A warm breeze of cool blows chintz away.
A persistent criticism of Côte-d’Azur hotels is that they are too “chintzy” – full of chandeliers, fussy furnishings and stuffy gilt excess in the hope that Louis XVI might yet book in. And, certainly, there remain establishments where the old king would feel at home (had he not been headless for 200 years). Some people still expect a certain sumptuousness.
Increasingly, though, contemporary zest has swept away ancien régime froth in favour of the spacious, the clean-limbed and the simple. La Malmaison is satisfactory evidence that this 21st-century cool has finally filtered through to mid-market spots.
Sauntering up the steps from one of central Nice’s more prestigious central streets, you may feel that you are a pretty ‘now’ sort of person. And even if, like me, you are more ‘back then’ than ‘now’, you will not be intimidated. Cool comes wrapped up in admirable courtesy and concern from both the front desk staff, and manager Karim Nasri. (Passing through the breakfast room, Mr Nasri gets terribly concerned that someone is letting his or her toast burn in the toaster.)
Then again, if you’re used to design hotels, you’ll find little madly startling here. The Malmaison's is, by now, conventional design hip. I count that a plus. I don’t go to hotels to be madly startled.
What you will find is an entrance lobby and sun-lit lounge in tones of mustard, grey and cream. Armchairs are leather-like and low. Single-stemmed flowers stand in long glass vases, as in design magazines. And, on the wall, there’s a rather fine modern diptych which evidently means something but looks attractive all the same.
On another wall, BBC World plays soundlessly on a large flat-screen TV. La Malmaison is by no means the only contemporary hotel to consider John Simpson a vital element of interior décor.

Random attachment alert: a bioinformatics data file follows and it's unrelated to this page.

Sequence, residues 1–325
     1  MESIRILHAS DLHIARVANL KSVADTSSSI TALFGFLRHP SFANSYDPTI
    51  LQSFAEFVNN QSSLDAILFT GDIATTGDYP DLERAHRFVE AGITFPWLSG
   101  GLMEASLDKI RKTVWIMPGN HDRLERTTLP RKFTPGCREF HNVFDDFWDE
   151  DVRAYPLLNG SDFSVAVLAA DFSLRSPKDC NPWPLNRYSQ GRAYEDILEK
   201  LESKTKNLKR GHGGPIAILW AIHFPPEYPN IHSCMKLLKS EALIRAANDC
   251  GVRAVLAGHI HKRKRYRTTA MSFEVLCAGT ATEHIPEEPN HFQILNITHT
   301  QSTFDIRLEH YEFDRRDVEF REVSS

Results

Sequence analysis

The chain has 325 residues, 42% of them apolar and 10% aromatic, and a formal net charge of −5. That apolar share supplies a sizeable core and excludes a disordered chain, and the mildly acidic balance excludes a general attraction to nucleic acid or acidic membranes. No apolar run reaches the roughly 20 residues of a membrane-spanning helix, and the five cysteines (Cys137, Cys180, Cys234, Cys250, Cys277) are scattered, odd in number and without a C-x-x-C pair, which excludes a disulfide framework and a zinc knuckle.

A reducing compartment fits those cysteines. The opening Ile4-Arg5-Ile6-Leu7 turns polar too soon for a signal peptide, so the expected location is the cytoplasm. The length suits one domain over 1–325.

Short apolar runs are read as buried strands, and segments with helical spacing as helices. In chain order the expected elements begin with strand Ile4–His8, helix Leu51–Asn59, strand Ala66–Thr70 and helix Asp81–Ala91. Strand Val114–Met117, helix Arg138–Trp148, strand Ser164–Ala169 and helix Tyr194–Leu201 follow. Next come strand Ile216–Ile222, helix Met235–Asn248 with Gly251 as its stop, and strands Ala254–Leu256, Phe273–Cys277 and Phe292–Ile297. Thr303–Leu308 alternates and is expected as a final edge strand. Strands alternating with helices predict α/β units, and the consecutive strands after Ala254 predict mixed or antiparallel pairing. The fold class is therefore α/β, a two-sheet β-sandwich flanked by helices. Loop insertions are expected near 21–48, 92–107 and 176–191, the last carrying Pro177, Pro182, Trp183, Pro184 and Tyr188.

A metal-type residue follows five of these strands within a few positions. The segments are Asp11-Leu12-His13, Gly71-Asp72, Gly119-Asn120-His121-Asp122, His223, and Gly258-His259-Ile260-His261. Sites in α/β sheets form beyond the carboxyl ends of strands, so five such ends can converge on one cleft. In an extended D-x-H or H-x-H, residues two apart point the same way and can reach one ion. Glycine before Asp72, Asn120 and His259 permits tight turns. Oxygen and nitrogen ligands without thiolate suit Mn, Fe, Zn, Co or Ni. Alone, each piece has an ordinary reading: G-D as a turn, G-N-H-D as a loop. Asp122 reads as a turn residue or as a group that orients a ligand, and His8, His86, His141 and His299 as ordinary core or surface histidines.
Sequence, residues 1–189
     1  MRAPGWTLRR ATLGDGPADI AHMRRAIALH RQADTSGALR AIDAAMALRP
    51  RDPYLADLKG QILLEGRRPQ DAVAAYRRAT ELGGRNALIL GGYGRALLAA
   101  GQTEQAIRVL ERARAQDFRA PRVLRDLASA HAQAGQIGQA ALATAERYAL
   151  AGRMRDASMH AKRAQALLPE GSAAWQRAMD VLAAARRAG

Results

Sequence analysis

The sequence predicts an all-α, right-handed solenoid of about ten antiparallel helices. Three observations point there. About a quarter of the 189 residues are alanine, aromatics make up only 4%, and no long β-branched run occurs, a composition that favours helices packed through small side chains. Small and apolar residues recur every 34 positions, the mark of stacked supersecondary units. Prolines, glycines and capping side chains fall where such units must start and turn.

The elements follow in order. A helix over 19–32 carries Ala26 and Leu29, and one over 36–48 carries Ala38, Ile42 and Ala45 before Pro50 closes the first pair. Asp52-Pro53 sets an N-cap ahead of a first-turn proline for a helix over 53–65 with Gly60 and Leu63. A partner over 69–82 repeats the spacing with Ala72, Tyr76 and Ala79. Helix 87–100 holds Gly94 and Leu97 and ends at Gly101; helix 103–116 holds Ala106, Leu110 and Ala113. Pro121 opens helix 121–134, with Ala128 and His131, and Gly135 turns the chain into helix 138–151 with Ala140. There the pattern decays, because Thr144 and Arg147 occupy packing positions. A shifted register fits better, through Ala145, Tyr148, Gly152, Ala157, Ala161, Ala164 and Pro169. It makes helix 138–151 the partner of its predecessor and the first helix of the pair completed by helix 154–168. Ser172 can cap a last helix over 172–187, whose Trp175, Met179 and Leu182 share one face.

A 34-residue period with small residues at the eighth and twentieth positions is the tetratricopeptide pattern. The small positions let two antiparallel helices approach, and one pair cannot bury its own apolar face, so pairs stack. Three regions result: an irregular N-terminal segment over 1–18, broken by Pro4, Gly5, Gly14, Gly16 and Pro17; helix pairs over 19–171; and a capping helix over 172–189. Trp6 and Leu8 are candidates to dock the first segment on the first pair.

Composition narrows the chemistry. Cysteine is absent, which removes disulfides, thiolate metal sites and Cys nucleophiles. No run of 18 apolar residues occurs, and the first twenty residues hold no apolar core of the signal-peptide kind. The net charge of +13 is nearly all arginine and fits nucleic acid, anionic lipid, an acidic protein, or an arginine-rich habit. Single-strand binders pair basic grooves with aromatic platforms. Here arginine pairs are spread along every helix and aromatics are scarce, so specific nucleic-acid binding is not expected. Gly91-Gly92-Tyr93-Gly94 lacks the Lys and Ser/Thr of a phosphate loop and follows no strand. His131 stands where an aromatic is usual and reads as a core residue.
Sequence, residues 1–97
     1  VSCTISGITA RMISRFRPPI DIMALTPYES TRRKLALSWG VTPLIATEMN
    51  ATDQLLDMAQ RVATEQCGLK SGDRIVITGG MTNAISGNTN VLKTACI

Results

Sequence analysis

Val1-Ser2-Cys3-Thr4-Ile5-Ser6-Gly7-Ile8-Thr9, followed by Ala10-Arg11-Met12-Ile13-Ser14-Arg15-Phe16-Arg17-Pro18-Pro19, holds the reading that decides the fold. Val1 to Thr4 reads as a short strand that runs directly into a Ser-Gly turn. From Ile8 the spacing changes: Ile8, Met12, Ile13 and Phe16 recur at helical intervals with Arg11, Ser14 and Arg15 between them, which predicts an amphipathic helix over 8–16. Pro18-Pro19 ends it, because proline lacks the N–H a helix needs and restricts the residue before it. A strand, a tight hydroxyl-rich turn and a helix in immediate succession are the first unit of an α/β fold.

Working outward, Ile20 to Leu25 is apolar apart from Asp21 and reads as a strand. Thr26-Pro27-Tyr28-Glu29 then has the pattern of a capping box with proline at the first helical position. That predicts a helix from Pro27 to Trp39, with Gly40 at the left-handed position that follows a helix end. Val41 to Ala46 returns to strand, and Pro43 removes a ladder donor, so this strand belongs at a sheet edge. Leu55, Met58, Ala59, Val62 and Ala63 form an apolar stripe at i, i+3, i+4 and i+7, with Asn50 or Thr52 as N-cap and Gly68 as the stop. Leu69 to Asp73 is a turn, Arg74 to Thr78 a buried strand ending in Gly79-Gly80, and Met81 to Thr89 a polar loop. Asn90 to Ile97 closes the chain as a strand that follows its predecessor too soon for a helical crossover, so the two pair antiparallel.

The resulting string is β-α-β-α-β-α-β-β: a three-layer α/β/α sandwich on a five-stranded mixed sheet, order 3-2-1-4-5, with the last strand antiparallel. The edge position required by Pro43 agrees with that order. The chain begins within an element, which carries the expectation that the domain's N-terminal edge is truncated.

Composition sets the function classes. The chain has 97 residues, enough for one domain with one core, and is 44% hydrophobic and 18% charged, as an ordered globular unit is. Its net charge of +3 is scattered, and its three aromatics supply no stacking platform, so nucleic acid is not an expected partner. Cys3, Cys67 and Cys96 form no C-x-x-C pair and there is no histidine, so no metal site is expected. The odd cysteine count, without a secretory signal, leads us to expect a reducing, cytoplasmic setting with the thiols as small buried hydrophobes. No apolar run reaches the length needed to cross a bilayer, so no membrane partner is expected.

Upstairs, the 46 rooms are the real clinchers. They combine clarity, softness and a fine mix of colours – blacks, browns, creams and surprising blues for the doors – and so should appeal to both sexes. There are splashes of fashionable magenta, too. Privilege rooms on the fourth floor have more space, plus balconies looking across to the Palais Meyerbeer, one of Nice’s very fanciest old buildings.
All offer free WiFi, free bottled water, spotless bathrooms and, if you ask nicely, a plateau d’accueil. That literally means a ‘welcome tray’. It’s how the French refer to tea and coffee-making material.
The sea is 400 yards away, the old town 15 minutes on foot. There are abundant restaurants much closer, including a Sicilian specialist right next door. I really don’t see how you could be unhappy here. It’s a good value little design hotel (I’d say ‘boutique’, if I knew what that meant) with warmth where, quite often, there is smugness in these places. And standards are zealously overseen. Mr Nasri is a bio-chemist by training and as sharp as a scientist on detail.